It’s not a democracy if the votes don’t count

Challenges to one-person one-vote are everywhere. It’s up to every American to fight the nonsense and stand up for fair elections.

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Throwing the rascals out is an American political tradition.

The voters won’t be able to throw the rascals out for much longer, though, if democracy gets upended to the point that the electorate no longer has the power to change its government.

It’s a real risk. Putting decisive thumbs on the scale is the goal of too many people who are too close to creating a system in which party apparatchiks can overturn election results they don’t like. Make no mistake: If you think those apparatchiks will overturn elections in your favor, you’ll be in for a surprise when it goes the other way. By then, there will be no recourse.

Anti-voting scams everywhere

The challenges to one-person one-vote are everywhere.

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In Arizona, QAnon conspiracy theorist Mark Finchem, with Donald Trump’s backing, is running for secretary of state and the chance to wield broad power over elections. Finchem was at the U.S. Capitol on Jan. 6, but he won’t release texts and other communications to show whether he entered the building. He’s not alone in his disdain for voters. At least nine Republican Senate candidates have filed or actively supported one of the baseless lawsuits that claimed the 2020 election was fraudulent.

In Texas, Gov. Greg Abbott signed a law on Sept. 7 that makes it harder to obtain mail-in ballots, prohibits drop boxes to turn in those ballots, limits early voting times and eliminates drive-through voting. Democrats fled the state capital for weeks in a failed effort to block the bill.

In Pennsylvania, Republican lawmakers last week approved subpoenas for a wide range of data and personal information on voters, which looks an awful lot like a way to undermine democracy and intimidate voters. Whatever happened to the idea of a secret ballot?

In Georgia, Republicans enacted a law in March that gives state-level Republicans the ability to take over county vote-counting machinery, which would allow them to tip future presidential and congressional elections their way. The law gives state-level officials the power to do what Trump wanted to do in 2020: make decisions after the fact about which votes will be counted. Other states have rushed to enact similar laws.

Everyone remembers how Trump tried to get Georgia’s secretary of state to “recalculate” vote totals to “find” enough votes for him. Laws such as Georgia’s will make that possible, and with officials such as Finchem in power, should he win, who can doubt those laws will be put into practice?

Other nations that admire American democracy can only watch, aghast.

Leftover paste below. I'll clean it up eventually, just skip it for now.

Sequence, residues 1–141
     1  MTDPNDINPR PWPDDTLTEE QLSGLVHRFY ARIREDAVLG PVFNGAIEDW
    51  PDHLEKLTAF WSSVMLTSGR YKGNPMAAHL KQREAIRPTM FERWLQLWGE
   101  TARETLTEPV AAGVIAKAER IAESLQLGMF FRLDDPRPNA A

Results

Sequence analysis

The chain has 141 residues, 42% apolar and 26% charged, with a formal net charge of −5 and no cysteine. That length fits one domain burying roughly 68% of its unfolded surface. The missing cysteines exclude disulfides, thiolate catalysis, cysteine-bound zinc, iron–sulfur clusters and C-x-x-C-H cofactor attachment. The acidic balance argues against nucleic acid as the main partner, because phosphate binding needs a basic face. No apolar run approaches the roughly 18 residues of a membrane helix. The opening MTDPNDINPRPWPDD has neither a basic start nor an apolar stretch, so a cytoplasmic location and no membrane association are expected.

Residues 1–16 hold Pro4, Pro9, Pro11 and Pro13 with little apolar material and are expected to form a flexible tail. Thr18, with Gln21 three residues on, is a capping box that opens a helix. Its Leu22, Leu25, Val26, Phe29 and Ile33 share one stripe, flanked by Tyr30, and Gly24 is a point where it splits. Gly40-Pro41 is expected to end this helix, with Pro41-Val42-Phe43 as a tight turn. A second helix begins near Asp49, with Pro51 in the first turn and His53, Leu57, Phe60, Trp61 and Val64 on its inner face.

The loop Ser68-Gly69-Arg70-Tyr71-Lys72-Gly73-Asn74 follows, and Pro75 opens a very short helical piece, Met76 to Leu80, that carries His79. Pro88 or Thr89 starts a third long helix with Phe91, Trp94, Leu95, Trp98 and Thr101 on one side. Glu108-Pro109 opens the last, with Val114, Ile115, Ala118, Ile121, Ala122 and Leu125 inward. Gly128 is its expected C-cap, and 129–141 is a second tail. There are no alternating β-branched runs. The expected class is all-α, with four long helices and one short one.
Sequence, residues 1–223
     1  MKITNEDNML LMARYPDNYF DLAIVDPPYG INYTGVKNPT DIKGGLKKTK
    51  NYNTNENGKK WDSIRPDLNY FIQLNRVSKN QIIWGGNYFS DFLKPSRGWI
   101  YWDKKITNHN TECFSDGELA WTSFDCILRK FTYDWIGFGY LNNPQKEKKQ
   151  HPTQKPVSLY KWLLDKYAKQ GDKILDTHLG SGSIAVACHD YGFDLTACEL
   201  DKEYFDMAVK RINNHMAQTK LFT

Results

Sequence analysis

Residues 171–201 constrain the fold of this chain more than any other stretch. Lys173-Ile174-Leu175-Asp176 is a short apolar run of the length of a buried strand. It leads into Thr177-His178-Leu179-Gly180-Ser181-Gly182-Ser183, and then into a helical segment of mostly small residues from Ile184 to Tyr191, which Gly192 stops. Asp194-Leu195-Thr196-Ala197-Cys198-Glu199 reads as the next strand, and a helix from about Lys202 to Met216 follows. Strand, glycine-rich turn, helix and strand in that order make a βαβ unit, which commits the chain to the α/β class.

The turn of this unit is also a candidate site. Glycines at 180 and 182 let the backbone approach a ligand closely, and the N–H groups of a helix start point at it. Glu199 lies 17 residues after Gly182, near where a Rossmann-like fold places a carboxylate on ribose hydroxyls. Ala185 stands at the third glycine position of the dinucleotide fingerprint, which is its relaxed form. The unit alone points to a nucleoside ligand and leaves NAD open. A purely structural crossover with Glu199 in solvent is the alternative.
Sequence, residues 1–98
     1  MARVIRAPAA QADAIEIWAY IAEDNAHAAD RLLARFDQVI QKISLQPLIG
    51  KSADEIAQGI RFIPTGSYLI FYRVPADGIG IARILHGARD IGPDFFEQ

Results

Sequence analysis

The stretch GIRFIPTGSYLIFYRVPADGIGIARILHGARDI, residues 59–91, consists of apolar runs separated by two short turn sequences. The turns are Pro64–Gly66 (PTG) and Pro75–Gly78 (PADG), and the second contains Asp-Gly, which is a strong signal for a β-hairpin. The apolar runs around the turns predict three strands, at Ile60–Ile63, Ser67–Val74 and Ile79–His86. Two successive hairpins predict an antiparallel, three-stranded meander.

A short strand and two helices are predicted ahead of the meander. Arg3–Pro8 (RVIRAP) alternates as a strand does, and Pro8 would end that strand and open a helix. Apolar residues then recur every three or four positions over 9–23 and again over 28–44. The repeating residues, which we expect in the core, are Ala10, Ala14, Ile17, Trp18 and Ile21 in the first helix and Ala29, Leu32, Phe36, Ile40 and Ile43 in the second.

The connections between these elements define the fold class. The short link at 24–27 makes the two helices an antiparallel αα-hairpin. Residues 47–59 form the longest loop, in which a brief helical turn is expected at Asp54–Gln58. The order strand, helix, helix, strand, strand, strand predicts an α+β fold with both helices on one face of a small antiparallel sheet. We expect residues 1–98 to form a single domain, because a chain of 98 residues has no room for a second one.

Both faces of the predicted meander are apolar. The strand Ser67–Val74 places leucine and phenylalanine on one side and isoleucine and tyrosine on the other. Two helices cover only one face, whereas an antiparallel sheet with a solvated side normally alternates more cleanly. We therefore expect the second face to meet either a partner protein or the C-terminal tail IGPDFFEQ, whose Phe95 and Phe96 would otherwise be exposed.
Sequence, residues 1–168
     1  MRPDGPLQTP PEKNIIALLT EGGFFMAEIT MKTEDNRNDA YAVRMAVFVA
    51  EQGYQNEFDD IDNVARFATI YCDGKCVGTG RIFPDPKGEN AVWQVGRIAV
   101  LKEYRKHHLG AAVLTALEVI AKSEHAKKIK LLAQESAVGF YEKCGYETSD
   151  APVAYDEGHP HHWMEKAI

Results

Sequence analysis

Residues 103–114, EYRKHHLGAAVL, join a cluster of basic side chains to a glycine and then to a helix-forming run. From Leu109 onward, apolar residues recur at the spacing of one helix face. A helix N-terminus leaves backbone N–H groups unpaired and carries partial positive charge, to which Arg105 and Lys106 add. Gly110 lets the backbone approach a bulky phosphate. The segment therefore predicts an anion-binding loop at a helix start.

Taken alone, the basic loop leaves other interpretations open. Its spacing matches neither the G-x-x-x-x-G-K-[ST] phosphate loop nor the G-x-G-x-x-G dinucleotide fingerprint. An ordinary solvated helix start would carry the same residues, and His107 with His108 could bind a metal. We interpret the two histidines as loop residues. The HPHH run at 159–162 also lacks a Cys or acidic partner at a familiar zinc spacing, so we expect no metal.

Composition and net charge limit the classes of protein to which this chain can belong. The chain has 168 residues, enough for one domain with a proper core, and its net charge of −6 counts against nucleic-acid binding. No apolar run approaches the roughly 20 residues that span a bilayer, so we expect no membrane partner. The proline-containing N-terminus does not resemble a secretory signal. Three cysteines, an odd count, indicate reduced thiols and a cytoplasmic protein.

Repressive laws in 18 states

Meanwhile, more than 400 bills have been introduced across the nation to make it harder for targeted populations to vote. In July, the Brennan Center for Justice reported that 18 states had enacted 30 laws making it harder to vote. The Voting Rights Lab says 184 bills in 39 states would shift the allocation of power in the administration of elections.

According to an upcoming book by Bob Woodward and Robert Costa, then-Vice President Mike Pence was actually pondering whether to certify President Joe Biden’s victory over Trump until he talked to former Vice President Dan Quayle, who said, “Mike, you have no flexibility on this. None. Zero. Forget it. Put it away.”

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Besides the new laws, some politicians are encouraging “poll watchers” to be disruptive, to intimidate poll workers and voters. More people also are willing to threaten violence. How many election workers who take on the task only out of a sense of civic duty will be willing to work from 5 in the morning to 10 or 11 at night even as someone is making threatening calls to their children? But if they quit, there’s a very real fear they could be replaced with workers whose agenda is to tilt an election.

No wonder most Americans — 56% — feel democracy is under attack in this country. according to a new CNN Poll conducted by SSRS.

Freedom to Vote Act

One lifeline for democracy is the Freedom to Vote Act, which was introduced in the Senate on Tuesday. It contains provisions to safeguard future elections tampering. Every state would be required to have automatic voter registration. It would limit the ability of political parties to box voting minorities into convoluted districts through partisan gerrymandering, overturn a recent Supreme Court ruling on how provisional ballots can be counted and roll back newly passed laws that make voting by mail harder. All eligible citizens could request mail-in ballots and have access to secure drop-off boxes.

Democracy is hanging on by a thread. Our nation needs to rebuild a consensus that elections must be fair — putting the means before the ends. All of America should rally to defend a form of government that has made this nation great.

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